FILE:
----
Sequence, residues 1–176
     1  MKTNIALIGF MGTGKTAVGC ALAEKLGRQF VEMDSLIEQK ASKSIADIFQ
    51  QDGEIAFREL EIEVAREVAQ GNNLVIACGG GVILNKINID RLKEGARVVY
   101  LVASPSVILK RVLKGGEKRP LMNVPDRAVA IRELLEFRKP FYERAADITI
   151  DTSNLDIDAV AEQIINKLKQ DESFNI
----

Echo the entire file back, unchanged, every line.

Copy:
Sequence, residues 1–176
     1  MKTNIALIGF MGTGKTAVGC ALAEKLGRQF VEMDSLIEQK ASKSIADIFQ
    51  QDGEIAFREL EIEVAREVAQ GNNLVIACGG GVILNKINID RLKEGARVVY
   101  LVASPSVILK RVLKGGEKRP LMNVPDRAVA IRELLEFRKP FYERAADITI
   151  DTSNLDIDAV AEQIINKLKQ DESFNI